The modern workplace, from the top-tier management to the lowest grade job, is highly competitive now more than ever. Carol Sand MAP Houston shares that executives are in need of career management/development assistance so as to become more competitive and thus secure themselves a security of tenure of sorts. It is basically up to executives to put their careers to the grind to ensure that they are always up-to-date with market requirements and to also prove themselves valuable in the eyes of their employers. A nice way to realize this would be to work with an executive career coach to help point out the wanting areas that the executive needs to focus and improve on.
According to Carol Sand MAP Houston, a renowned executive career management coach, there are three main areas of improvement, and which start at leadership. If an executive has the target of leading an organization a few years down the line then he/she must demonstrate leadership qualities even in the present. For the executive, this means doing more than just what your job requires. You can develop and demonstrate leadership by finding opportunities inside and outside the workplace. One way is volunteering to head one of the employee committees in the workplace. You can also observe the traits of persons who are considered to be good leaders in your organization. Outside the workplace there are other leadership opportunities such as at your children's school, the church, neighborhood committees, and so forth. Further, it is prudent to attend leadership workshops and seminars plus to regularly read about leadership.
Executives should know that their workplaces are their daily interview panels. Carol Sand MAP Houston notes that it is very easy to become complacent a few years into work; employees often let down their guard and the feeling of indispensability to the company creeps in. These are the very eventualities that can blight your vertical ascent into higher positions. As much as possible, executives are encouraged to find the lost enthusiasm, interest, energy and eagerness to learn something new, and to pay attention to detail as they did when they were new employees. These are crucial factors that will without doubt influence your consideration for a promotion.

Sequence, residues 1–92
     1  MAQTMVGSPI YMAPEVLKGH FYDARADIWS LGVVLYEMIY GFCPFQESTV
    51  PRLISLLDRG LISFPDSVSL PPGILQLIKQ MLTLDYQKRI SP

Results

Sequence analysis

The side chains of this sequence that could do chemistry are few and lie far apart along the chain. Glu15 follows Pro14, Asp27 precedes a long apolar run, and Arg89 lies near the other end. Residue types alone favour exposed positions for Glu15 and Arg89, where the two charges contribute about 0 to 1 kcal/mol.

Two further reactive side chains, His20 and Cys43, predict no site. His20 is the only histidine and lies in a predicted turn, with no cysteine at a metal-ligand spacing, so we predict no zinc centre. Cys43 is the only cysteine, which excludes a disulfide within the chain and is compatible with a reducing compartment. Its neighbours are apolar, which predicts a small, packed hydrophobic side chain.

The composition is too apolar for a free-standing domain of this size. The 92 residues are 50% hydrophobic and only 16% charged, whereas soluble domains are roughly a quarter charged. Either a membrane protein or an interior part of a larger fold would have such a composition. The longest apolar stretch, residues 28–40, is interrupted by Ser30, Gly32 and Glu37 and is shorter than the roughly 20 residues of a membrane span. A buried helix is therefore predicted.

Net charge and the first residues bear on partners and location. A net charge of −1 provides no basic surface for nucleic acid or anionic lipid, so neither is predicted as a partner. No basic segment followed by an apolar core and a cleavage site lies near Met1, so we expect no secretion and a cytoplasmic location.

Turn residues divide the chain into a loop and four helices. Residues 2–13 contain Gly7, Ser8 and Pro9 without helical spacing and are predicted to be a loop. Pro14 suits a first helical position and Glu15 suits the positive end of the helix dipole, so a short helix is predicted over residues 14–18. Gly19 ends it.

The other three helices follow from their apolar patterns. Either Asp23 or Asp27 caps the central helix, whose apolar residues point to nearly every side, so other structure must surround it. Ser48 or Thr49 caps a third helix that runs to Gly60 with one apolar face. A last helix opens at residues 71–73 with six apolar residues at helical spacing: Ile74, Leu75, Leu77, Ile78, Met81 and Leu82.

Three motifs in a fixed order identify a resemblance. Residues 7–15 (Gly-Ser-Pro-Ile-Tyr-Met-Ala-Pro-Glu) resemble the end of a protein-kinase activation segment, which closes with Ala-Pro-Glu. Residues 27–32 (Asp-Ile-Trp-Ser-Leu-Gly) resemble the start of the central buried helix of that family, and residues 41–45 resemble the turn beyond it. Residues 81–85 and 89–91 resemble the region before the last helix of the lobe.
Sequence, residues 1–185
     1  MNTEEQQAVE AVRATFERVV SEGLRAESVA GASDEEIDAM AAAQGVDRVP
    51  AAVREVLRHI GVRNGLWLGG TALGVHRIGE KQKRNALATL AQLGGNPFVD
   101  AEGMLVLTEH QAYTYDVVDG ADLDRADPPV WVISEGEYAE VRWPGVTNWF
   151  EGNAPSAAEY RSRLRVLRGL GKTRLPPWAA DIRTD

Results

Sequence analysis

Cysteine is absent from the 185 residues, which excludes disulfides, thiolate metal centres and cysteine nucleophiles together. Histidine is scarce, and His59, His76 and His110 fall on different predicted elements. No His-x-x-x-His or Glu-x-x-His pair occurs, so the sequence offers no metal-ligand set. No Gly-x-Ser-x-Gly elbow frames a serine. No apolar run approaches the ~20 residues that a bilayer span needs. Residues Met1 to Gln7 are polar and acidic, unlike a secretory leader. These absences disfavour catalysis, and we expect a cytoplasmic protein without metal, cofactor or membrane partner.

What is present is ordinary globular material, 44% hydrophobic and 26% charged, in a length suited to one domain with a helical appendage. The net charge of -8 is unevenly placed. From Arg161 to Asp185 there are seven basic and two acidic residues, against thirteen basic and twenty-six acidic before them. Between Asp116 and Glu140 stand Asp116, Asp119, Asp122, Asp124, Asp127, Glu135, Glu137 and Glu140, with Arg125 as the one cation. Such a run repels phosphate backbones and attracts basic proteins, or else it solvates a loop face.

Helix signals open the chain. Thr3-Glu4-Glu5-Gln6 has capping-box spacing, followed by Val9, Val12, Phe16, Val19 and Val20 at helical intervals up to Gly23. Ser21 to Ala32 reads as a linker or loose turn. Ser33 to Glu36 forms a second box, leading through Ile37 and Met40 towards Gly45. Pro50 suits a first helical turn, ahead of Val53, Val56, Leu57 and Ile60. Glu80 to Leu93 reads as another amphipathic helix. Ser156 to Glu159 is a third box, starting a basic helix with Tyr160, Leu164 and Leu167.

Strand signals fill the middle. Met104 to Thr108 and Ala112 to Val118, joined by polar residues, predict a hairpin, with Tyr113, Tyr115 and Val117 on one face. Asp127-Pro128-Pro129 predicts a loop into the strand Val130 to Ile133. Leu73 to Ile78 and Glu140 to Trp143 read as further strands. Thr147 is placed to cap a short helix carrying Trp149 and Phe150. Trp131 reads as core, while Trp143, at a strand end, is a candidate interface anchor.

However, this does not amount to “sucking up” to your superiors; it is about practicing integrity and honesty plus making full use of your abilities. You can polish up these fine qualities by maintaining an exemplary level of etiquette including punctuality, not skipping or leaving work early, dressing neatly and appropriately while avoiding what is too casual or too trendy, and treating other employees especially junior ones with respect and professionalism.
Last but not least, Carol Sand MAP Houston emphasizes that there is no end to learning. Most organizations peg their promotions on continuing education. It is therefore your duty to seek and exploit opportunities to learn about the latest market trends and technologies. Continuing education is popular in other professions such as architecture, engineering and medicine but executives are notorious for ignoring this as they are already in management. The surest way to show your superiors your interest in getting to even higher levels of management and professionalism is by furthering your education. So, go ahead and get that MBA and become more valuable to your employer.